Get the real score on "offensive" versus "defensive" hybrids
Sports analogies have always been irresistible to farmers. That’s probably why "offensive" and "defensive" hybrids are such well-established concepts. But some seed retailers say those terms are becoming increasingly obsolete.
"I don’t even use ‘offensive’ and ‘defensive’ in my conversations," says Stephanie Rousonelos, a technical agronomist with Channel. "In general, most hybrids can act offensively or defensively in a given situation, so those terms can be confusing."
Go deep. Several other factors are more important when drafting a balanced seed selection, Rousonelos says. "What it comes down to is looking at yield potential and spreading out the risk through different maturities and genetics," she says. "We look at other things, too, like disease history, a farmer’s management style and plant populations. We also look at averages instead of responding to extremes. You never know what is going to happen next year."
Avoiding those extremes can be a tough mental hurdle, Rousonelos admits. "It’s important to take the emotion out of your seed selection."
Eric Boersma, Syngenta corn genetics portfolio manager, agrees that referring to a hybrid as offensive or defensive is a bit of an oversimplification. "A lot of people want to classify them that way, but some things have changed," he says.
Going both ways. For starters, seed companies have become better at combining many offensive and defensive characteristics to get the best of both worlds, he says. As a result, today’s hybrids come with varying degrees of both offense and defense.
Farmers today also have more crop protection tools to help mitigate risk, he says. For example, seed treatments give seedlings protection against diseases, insects and nematodes, allowing for a stronger start. And in-season fungicide sprays can give otherwise at-risk hybrids enough protection to avoid a would-be standability disaster.
"There are a lot of factors farmers can control," Boersma says. "We try to help farmers choose a package of hybrids that spread risk for things they can’t control. The hybrid buying decision is getting more complicated all the time, and every decision is an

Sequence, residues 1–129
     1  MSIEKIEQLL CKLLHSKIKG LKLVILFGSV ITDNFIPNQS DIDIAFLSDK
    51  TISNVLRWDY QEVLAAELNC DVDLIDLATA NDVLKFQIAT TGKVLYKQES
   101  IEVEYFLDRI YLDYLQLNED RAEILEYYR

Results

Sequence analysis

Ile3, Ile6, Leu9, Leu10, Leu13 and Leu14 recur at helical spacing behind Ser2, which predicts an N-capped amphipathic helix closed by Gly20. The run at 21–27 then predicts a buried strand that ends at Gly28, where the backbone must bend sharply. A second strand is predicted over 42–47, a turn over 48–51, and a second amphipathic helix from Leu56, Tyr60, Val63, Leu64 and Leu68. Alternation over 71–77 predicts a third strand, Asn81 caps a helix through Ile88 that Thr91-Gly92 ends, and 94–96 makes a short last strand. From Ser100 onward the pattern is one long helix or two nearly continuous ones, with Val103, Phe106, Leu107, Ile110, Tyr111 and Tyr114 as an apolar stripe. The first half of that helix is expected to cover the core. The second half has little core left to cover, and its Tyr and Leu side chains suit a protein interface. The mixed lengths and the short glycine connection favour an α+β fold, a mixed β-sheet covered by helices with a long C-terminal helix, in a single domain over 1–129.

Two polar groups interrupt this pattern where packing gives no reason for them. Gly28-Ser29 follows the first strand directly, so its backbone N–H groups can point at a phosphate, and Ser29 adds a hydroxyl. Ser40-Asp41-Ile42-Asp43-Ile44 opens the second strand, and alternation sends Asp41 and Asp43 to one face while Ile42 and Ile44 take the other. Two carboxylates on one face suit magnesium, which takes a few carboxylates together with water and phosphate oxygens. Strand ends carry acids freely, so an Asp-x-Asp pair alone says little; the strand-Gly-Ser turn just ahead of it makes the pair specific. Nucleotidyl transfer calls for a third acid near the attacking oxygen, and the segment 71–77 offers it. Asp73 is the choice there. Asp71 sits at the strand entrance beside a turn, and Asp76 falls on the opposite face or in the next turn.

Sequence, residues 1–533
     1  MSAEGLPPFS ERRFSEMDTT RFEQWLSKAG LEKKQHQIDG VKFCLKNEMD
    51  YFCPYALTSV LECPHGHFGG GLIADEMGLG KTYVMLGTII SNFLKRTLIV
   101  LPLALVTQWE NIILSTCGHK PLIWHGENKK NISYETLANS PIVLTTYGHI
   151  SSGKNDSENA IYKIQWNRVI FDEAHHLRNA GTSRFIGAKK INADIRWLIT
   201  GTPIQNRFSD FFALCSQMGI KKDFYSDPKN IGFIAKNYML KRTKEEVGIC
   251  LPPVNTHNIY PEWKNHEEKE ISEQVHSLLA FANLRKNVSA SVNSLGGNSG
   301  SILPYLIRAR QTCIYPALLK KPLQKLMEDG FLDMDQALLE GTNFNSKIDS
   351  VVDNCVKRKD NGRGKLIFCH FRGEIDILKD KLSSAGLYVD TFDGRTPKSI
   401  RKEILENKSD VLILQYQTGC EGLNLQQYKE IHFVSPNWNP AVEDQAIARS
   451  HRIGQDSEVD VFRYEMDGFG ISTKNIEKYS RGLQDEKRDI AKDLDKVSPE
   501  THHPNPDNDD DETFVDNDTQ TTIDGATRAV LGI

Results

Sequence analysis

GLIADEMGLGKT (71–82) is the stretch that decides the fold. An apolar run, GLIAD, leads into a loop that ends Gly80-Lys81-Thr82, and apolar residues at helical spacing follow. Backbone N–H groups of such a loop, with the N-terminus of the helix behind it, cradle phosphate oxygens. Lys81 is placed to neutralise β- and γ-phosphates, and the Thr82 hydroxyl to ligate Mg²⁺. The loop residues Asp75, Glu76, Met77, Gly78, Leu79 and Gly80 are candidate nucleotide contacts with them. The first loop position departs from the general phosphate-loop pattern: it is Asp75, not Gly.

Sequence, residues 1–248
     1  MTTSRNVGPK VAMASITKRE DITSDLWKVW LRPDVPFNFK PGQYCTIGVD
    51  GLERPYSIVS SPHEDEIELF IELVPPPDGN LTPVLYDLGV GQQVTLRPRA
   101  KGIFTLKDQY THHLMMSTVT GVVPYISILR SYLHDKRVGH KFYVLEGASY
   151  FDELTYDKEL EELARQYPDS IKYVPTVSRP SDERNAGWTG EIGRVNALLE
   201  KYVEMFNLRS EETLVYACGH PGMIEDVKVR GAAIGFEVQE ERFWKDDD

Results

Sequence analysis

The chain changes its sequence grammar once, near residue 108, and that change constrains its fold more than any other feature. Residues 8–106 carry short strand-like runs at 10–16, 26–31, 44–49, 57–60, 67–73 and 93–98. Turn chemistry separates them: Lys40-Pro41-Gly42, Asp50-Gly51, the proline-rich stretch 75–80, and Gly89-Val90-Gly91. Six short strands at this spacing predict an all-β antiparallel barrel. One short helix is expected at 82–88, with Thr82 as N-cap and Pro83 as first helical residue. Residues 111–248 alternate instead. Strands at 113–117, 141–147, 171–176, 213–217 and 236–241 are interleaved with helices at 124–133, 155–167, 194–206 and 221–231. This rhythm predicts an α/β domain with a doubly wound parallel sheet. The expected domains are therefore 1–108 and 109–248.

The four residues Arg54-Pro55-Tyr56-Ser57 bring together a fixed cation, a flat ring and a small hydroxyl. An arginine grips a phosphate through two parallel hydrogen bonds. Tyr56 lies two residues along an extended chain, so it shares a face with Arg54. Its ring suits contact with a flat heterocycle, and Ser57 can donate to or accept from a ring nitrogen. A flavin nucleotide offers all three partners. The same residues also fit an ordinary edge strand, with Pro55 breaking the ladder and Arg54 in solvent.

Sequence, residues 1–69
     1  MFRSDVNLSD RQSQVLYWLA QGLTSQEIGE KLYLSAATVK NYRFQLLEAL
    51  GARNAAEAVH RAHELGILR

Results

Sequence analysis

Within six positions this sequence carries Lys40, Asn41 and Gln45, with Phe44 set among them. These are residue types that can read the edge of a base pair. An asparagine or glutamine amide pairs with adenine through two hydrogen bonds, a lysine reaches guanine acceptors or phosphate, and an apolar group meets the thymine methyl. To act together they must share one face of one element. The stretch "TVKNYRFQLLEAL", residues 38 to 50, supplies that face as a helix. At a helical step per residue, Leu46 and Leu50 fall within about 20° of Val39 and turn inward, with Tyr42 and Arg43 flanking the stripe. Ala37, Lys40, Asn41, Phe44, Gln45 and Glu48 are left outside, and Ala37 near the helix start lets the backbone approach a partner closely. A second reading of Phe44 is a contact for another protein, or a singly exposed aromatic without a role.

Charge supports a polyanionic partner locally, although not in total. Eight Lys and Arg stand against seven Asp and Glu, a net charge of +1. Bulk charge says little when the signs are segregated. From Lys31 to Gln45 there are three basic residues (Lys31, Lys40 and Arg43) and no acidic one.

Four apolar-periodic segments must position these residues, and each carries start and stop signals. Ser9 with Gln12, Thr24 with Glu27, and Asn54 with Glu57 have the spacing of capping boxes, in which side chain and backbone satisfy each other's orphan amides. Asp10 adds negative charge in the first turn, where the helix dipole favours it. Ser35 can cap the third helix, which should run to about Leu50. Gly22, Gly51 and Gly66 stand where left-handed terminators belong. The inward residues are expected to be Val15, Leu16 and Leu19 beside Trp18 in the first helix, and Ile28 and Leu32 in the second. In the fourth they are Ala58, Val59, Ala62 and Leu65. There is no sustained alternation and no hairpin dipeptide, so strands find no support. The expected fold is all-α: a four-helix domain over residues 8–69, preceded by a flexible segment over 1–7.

Nick Benson, corn product specialist with Latham Hi-Tech Seeds, says he prefers using a financial analogy over a sports one—he doesn’t talk "lineup" with his customers, he talks "portfolio" instead.
"No financial planner is going to advise clients to invest solely in mutual funds or high-risk stocks," he says. "And you certainly wouldn’t pick a stock on its three-month performance. It’s more a matter of looking at your whole package and looking at risk versus reward—and always covering your bases."
It’s tempting to go through the very latest F.I.R.S.T. results with a highlighter and select favorites that way, Benson says. That can be a risky venture—last year’s top performer could be this year’s dud if environmental conditions change enough, he says.
"This year was ideal for those portfolio-type conversations," he says. "Last year was an offensive year. You never know what the weather’s going to be, so you can’t base this year’s seed selection on last year’s results."
Benson points to white mold susceptibility in soybeans as one example. The hot, dry weather that plagued the Midwest this summer means there will be little or no white mold pressure this year. So if you only pick this year’s field trial winners, you’re likely selecting varieties with good drought tolerance, but not necessarily ones with good white mold tolerance, he says.
Farmers need a balanced portfolio, Benson says, whether they’re spreading risk against a particular disease such as white mold, or whether they’re hedging their bets against any environmental hardship.
"Year in, year out, that’s what’s best for the customer," he says.